> What used to be a 'minicomputer' is now what might be used in a
> commercial renderfarm, essentially a room of clustered boxes
> costing tens of thousands of dollars and consuming a
> heavy domestic sized electricity bill. Total CPU power in
> the range of 10 GFLOP to 1 TFLOP
> The current guise of the 'mainframe' is what we would now see as a
> Data Center, a floor of an industrial unit, probably much like
> your ISP or hosting company with many rows of racked indepenedent
> units that can be linked into various cluster configurations
> for virtual services, network presence and data storage.
> Aggregate CPU power in the region of 10 TFLOP to 0.5 PFLOP
> Supercomputers are still supercomputers, by definition they are
> beyond wildest imagination and schoolboy fantasies unless
> you happen to be a scientist who gets to work with them.
> A bunch of lego bricks networked together does not give you 20PFLOP,
> so it does not a supercomputer make.
> However, there is a different point of view emerging since the mid
> 1990s based on concentrated versus distributed models. Since the
> clustering of cheap and power efficient microcomputers is now
> possible because of operating system and networking advances,
> we often hear of amazing feats of collective CPU power obtained
> by hooking together old Xboxes with GPUs, (Beowulf - TFLOP range)
> or using opportunistic distributed networks to get amazing power
> out of unused cycles (eg SETI at home/BOINC and other volunteer
> arrays, or 'botnets' used by crackers) (tens to hundreds of TFLOPS).
> Some guides to growth here with interesting figures on the estimated
> cost per GFLOP over the last 50 years:
> > I'm guessing that CPU wize it would be more powerful indeed; even thought
> > it's a modest one, that's 64 cores against 4...
> So the issue now is that a parallel model of computing needs the
> problem cast into a program that works in this way. Some algorithms
> are trivially rewritten to work well on clusters, but many are not.
> The aggregate power isn't a full indicator of the expected speedup.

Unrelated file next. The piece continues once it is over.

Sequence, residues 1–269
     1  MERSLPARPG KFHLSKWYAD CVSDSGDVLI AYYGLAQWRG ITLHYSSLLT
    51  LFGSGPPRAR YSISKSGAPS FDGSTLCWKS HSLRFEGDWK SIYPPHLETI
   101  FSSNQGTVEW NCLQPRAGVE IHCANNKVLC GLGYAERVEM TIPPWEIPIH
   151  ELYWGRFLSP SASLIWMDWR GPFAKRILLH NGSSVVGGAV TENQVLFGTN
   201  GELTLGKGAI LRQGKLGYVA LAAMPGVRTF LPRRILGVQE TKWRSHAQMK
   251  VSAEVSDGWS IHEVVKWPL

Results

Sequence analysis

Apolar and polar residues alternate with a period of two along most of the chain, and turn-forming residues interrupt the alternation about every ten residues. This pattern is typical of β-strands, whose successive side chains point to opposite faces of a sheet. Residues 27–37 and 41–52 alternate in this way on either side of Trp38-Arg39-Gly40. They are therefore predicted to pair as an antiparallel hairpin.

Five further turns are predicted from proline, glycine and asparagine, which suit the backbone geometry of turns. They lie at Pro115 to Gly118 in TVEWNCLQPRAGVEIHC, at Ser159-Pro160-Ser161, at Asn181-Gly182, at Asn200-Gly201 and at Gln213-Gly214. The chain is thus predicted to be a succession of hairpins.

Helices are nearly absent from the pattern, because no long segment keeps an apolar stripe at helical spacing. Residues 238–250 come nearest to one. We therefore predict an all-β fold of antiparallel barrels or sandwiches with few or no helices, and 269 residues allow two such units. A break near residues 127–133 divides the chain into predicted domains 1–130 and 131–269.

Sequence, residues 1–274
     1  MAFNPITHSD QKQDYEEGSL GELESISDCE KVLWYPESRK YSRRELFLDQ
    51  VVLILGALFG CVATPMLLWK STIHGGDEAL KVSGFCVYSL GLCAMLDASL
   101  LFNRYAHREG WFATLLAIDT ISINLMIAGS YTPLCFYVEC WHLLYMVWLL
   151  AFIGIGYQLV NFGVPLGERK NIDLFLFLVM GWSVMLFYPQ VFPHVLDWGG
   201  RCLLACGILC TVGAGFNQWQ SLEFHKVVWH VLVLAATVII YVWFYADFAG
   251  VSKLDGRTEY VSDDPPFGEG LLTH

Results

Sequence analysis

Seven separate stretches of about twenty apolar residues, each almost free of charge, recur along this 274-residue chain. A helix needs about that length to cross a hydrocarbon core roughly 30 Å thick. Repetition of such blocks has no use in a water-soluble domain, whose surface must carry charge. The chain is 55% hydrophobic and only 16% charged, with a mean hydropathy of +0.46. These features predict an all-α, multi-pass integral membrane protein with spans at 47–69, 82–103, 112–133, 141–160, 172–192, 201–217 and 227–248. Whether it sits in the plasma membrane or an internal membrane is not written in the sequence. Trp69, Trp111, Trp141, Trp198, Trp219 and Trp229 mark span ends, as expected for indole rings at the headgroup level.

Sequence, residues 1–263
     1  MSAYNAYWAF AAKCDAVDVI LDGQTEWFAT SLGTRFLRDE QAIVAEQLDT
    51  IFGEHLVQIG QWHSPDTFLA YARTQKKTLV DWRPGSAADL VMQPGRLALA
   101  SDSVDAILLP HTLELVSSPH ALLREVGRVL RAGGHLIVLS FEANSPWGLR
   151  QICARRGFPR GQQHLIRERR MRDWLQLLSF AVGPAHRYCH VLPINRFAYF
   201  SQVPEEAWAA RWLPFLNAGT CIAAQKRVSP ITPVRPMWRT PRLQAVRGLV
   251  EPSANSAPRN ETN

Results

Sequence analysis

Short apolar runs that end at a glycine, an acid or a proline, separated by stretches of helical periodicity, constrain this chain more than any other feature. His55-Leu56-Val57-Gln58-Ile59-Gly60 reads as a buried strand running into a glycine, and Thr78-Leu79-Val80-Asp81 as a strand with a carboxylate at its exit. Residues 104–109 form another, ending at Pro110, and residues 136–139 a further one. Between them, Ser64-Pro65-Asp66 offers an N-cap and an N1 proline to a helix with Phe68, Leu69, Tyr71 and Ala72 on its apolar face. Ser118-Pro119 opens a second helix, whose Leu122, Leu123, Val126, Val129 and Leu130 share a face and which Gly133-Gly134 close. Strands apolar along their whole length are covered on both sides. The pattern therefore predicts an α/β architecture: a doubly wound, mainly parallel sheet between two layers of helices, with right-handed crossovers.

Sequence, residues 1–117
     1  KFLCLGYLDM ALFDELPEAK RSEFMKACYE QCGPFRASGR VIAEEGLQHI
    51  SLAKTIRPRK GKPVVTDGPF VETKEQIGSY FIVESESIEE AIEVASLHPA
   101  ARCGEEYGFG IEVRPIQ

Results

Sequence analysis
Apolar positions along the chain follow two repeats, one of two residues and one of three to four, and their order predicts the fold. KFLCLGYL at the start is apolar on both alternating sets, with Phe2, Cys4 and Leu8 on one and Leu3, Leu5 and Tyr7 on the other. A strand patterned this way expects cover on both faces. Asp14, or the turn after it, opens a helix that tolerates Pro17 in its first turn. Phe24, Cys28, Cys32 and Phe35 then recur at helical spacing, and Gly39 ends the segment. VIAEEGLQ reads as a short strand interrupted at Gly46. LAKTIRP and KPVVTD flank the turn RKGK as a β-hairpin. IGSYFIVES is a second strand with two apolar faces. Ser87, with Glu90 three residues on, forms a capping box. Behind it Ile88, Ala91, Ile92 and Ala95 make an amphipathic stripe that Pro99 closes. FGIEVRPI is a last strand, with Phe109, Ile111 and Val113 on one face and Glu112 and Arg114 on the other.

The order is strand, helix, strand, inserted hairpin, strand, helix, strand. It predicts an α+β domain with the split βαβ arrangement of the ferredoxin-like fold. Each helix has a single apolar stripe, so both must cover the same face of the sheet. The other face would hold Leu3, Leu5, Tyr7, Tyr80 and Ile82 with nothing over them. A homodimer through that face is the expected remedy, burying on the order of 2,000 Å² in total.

> A multi-core has fast data connection between cores but little
> memory for each processor, whereas a cluster may have GB of
> memory associated with each node but much slower data throughput
> between nodes.
> > what I'm not familiar to is how supercomputing works and optimizes the
> > by splitting it into all CPU units.
> This is an important area of computer science. In summary, if the overhead
> of splitting a subproblem, sending it to node/core,
> collecting the result and re-integrating it back into the end solution
> is less than it would cost to compute it on a more powerful single node,
> then you have a speedup. This is where algorithm design gets fun :)
> Message passing protocols serve to split up the data according to
> schemes that mirror the algorithm, a bit like routers in the internet.
> Wavefront broadcast, bifurcation, all manner of schemes are used to
> break up and reassemplbe the sub-processes. Anderw Tannenbaum wrote
> one of the early and very accessible books on it all, called "Distributed
> Operating Systems"
> If _all_ the data needs to be present everywhere in the system then
> distributed models fail because the data throughput problem starts
> to dominate the advantage gained by parallel computation. So, only
> certain kinds of program can be run on 'supercomputers' that work
> this way. Your average desktop application like Protools probably
> wouldn't benefit much running on the IBM Sequoia, because it isn't
> written to get advantage from that architecture.